Wednesday, March 18, 2009

Blacksmithing Coal, Part II

What makes blacksmithing coal different from heating coal? Soft coal burns off the impurities quickly and forms “coke;” a lighter, hotter fuel than the dense and rocky anthracite. Heating coal is anthracite or hard coal. Since the smith is placing the metal to be heated in the coals, soft coal and coke work better for the job.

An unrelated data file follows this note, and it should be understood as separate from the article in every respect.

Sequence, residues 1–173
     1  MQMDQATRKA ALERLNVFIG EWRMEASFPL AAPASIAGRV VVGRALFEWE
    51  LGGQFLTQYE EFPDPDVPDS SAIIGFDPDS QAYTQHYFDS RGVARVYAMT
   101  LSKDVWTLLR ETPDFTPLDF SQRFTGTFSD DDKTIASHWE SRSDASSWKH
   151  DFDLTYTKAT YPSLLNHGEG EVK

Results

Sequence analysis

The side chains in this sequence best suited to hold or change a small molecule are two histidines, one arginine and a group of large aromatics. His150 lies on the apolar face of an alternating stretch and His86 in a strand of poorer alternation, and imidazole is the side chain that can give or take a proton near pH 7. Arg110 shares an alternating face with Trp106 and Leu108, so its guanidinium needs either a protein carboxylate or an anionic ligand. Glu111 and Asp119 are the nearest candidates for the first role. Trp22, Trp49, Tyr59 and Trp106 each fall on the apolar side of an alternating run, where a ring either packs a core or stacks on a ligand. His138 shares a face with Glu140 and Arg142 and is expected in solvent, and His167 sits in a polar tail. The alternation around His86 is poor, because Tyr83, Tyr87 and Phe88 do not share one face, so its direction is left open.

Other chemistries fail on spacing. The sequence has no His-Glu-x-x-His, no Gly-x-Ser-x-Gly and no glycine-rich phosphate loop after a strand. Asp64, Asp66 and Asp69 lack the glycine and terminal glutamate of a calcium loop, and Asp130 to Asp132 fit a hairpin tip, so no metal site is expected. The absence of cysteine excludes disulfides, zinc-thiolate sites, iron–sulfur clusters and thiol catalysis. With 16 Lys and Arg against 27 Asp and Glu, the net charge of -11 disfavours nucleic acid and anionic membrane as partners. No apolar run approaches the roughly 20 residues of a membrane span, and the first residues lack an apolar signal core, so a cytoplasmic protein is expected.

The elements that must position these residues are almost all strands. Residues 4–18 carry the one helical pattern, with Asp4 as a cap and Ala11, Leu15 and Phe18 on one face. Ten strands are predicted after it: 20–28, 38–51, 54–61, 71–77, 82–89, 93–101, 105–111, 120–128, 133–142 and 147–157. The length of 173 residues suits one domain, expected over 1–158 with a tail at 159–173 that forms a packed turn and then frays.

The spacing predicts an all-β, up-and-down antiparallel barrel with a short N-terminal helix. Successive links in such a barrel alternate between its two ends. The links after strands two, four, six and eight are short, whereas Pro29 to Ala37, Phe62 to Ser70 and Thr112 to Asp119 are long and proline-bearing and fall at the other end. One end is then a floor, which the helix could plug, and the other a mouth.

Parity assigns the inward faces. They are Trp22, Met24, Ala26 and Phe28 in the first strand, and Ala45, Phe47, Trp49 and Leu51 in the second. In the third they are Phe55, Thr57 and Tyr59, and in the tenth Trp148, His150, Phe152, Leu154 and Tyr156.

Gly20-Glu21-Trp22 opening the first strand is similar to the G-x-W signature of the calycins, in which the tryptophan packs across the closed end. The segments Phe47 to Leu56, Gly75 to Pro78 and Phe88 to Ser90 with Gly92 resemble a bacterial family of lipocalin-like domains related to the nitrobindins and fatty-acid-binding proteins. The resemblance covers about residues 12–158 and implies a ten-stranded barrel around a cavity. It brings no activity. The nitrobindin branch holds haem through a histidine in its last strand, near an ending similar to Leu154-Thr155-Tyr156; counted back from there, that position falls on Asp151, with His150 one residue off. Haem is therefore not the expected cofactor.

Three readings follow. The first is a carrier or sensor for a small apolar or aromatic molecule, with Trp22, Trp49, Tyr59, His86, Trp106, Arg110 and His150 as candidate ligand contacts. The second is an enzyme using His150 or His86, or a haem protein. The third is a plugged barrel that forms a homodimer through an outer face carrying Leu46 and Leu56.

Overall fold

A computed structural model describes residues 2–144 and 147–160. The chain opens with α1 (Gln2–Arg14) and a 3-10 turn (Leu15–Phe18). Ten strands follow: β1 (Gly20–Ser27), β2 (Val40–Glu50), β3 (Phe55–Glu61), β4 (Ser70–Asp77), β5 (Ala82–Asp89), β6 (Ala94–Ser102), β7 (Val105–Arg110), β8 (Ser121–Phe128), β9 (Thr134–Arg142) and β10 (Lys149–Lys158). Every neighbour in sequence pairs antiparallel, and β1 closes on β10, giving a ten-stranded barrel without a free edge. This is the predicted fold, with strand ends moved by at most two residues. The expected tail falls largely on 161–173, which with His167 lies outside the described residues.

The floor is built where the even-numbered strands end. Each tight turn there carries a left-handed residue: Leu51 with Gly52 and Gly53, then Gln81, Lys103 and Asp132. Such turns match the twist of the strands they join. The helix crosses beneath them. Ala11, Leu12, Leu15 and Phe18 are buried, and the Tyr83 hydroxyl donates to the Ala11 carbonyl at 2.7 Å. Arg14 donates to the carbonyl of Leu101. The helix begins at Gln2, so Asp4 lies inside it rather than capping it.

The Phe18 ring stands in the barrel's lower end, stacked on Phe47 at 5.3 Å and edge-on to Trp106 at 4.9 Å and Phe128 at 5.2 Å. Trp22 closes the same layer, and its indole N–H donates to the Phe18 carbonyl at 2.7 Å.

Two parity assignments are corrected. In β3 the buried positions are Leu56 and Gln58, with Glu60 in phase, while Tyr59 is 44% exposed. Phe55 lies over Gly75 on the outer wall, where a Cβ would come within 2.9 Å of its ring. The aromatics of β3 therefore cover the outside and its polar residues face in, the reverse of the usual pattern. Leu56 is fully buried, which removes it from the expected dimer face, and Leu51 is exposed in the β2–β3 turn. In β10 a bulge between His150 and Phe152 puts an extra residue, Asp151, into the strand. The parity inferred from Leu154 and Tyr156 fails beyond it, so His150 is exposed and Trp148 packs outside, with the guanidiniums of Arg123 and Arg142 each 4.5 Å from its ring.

Coal is also referred to by the size of the pieces to which it has been reduced. “Nut coal” or “walnut” has chunks the size of walnuts. “Pea coal” is the size of dried beans or peas. “Fines” are composed of coal crushed to a coarse powder. The largest I have seen is fuel from an industrial forge. The coal chunks were rocks the size of footballs! Another term for coal used to fuel boilers is “stoker coal.” That may mean large nut size, but can also mean coal treated with waste oil to make it burn hotter. This type is also smoky and less desirable in the blacksmith shop. We use good quality nut-sized bituminous coal in the shop.

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